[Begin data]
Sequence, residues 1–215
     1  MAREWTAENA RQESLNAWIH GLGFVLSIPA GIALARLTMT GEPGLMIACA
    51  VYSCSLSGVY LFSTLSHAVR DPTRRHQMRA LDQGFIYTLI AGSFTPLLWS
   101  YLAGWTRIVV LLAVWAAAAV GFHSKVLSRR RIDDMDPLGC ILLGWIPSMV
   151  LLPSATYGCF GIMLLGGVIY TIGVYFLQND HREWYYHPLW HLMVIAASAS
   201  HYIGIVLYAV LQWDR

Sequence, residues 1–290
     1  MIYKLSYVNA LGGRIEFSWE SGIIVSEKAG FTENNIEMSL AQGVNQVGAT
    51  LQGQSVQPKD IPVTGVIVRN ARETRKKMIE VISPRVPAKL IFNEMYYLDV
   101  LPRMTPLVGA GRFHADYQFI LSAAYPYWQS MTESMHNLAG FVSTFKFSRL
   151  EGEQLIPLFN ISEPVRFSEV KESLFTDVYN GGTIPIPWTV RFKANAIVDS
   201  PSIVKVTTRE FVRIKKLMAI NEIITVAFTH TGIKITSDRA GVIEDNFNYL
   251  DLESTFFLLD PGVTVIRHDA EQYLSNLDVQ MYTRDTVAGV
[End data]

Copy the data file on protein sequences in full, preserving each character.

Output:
Sequence, residues 1–215
     1  MAREWTAENA RQESLNAWIH GLGFVLSIPA GIALARLTMT GEPGLMIACA
    51  VYSCSLSGVY LFSTLSHAVR DPTRRHQMRA LDQGFIYTLI AGSFTPLLWS
   101  YLAGWTRIVV LLAVWAAAAV GFHSKVLSRR RIDDMDPLGC ILLGWIPSMV
   151  LLPSATYGCF GIMLLGGVIY TIGVYFLQND HREWYYHPLW HLMVIAASAS
   201  HYIGIVLYAV LQWDR

Sequence, residues 1–290
     1  MIYKLSYVNA LGGRIEFSWE SGIIVSEKAG FTENNIEMSL AQGVNQVGAT
    51  LQGQSVQPKD IPVTGVIVRN ARETRKKMIE VISPRVPAKL IFNEMYYLDV
   101  LPRMTPLVGA GRFHADYQFI LSAAYPYWQS MTESMHNLAG FVSTFKFSRL
   151  EGEQLIPLFN ISEPVRFSEV KESLFTDVYN GGTIPIPWTV RFKANAIVDS
   201  PSIVKVTTRE FVRIKKLMAI NEIITVAFTH TGIKITSDRA GVIEDNFNYL
   251  DLESTFFLLD PGVTVIRHDA EQYLSNLDVQ MYTRDTVAGV